UNI grad plans events for thousands while working in a volcano
One of Chris Kasparek’s unconventional workplace is a volcano — a dormant volcano, that is. As a 1997 UNI leisure services graduate, part of the job is overseeing Carney Park in Italy. This one-of-a-kind outdoor recreation center within a volcanic crater contains a nine-hole golf course, camping areas, a swimming pool, sports fields and more.
“We’ve had high school graduations out there for the last eight years,” said Kasparek. “We play high school sports out there — baseball and softball — and it’s all sitting in a dormant volcano. It’s pretty awesome.”
Chris Kasparek’s 26-year career working with the Navy as a civilian has taken him all around the globe. The Swisher native has been everywhere from Washington state to Japan. For the last 12 years, he’s lived and worked in Naples, Italy with his wife Vanessa, also a UNI graduate, and their two children, Emma and Camden.
Kasparek believes his willingness to go wherever his career takes him has been a key to his success.
“One of the things I always say to students is the first thing you have to determine before your profession is if you’re willing to leave wherever you're at. If you're willing to leave, then you can do anything,” he said. “If you don't want to leave, it’s not a bad thing. It just limits you a bit.”
In his role as community recreation director of the NSA Naples Morale, Welfare and Recreation Department, Kasparek is in charge of putting on programming for Navy families as well as large events that draw thousands of people.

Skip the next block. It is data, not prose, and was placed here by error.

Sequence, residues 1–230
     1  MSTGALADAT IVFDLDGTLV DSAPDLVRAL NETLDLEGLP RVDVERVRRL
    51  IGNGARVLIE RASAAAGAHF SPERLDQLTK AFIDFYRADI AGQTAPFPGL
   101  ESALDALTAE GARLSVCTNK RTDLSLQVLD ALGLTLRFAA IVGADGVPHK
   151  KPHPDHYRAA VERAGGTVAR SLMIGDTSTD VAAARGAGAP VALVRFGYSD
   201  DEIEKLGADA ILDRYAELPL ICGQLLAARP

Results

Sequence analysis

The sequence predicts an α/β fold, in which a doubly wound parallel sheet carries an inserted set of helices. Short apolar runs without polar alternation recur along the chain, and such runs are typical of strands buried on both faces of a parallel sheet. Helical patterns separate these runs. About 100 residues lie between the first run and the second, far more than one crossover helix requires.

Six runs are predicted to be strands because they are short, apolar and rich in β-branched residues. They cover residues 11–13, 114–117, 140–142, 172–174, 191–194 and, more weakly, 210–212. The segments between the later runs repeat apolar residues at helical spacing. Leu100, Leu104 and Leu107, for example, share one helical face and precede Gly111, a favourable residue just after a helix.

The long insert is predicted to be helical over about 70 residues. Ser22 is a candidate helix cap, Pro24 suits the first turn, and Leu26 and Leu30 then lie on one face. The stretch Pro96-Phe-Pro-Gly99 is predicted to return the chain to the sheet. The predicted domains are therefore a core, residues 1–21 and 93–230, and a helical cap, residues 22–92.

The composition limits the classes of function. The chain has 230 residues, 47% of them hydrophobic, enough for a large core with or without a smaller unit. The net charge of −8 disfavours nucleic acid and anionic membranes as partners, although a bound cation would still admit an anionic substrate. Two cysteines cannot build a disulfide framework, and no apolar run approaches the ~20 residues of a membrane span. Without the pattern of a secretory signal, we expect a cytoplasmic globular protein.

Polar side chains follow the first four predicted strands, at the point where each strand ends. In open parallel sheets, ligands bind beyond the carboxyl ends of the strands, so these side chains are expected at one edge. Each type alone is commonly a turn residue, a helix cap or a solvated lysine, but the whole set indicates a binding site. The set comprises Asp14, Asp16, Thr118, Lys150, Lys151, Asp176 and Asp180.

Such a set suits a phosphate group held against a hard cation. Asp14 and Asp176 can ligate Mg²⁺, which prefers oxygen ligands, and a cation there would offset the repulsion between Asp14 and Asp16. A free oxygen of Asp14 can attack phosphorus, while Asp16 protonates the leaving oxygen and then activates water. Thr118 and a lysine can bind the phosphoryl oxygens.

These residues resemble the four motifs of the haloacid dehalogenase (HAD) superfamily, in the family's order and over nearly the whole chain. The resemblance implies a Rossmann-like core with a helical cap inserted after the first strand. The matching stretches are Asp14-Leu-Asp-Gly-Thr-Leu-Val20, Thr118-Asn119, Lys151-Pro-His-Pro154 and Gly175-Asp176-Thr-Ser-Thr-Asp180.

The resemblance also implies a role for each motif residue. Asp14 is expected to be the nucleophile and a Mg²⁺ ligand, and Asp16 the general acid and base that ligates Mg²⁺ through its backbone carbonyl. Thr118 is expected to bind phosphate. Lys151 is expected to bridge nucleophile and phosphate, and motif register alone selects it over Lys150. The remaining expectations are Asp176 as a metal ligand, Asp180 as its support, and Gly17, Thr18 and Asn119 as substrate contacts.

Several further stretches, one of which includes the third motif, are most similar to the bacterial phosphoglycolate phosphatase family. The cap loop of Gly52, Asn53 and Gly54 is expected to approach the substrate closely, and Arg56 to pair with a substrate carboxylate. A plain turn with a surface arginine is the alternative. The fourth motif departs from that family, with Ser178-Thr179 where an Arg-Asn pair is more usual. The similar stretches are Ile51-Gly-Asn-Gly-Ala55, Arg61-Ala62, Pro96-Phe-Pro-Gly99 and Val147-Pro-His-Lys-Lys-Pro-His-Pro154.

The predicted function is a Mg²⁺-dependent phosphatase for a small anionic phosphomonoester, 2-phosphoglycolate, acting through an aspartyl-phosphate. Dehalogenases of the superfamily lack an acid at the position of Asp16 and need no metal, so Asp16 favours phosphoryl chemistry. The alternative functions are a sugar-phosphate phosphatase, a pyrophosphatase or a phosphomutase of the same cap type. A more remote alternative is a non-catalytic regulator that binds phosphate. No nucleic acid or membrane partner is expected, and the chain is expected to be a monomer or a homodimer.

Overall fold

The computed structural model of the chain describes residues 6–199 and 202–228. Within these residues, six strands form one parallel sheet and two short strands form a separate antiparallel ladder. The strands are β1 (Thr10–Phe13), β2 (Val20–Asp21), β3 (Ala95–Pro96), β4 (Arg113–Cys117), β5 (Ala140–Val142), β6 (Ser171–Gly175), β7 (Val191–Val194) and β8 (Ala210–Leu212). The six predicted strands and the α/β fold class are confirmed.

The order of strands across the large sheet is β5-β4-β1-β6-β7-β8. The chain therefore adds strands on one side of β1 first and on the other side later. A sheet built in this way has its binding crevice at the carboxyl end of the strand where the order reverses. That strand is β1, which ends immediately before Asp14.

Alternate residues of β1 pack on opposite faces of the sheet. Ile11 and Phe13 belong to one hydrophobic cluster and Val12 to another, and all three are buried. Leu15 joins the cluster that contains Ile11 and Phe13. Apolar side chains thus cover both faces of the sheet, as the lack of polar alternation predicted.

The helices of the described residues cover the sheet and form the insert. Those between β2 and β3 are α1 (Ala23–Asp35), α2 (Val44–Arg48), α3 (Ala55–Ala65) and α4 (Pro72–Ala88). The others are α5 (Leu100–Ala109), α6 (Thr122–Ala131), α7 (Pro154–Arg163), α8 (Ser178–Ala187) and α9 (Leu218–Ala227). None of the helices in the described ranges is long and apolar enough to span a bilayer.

“The biggest highlight for me in the last 26 years is I've been able to give back and support families who support everybody else,” he said.
When Kasparek first moved to Naples, he was the child and youth programs director for NSA Naples. Kasparek has a long history of working childcare operations for the Navy. One of those that made a big impact on him was working childcare operations during Operation Tomodachi when military families were evacuated through Seattle following the 2011 earthquake and tsunami in Japan.
Other highlights include hosting athletes for the World University Games and hosting events that serve as many as 14,000 people. Recently, Kasparek executed the NSA Naples’ annual back-to-school party, an open house event for thousands that concluded with a concert by Echosmith courtesy of Armed Forces Entertainment.
Even though COVID-19 certainly came with challenges — especially in Italy, which was hit hard by the pandemic — Kasparek believes good things were still able to arise from the adversity. Most notably, he remembers the creativity of his team as they moved to virtual programming, including trivia and recognizing graduating seniors by interviewing them.
“For me, that was probably the hardest but also probably the most rewarding because when that was all said and done, we knew we had done something great,” he said.
Kasparek knows his classes and real-life experiences such as the ones he gained at UNI were crucial to teaching him how to plan and implement day-to-day programs and large-scale events for his customers.
No matter how far Kasparek goes from UNI, he will always be proud to be a Panther.
“UNI is special to me because we continue to go back, and we continue to know people that go,” he said. “Things have gotten bigger, but UNI has always maintained a small-town feel.”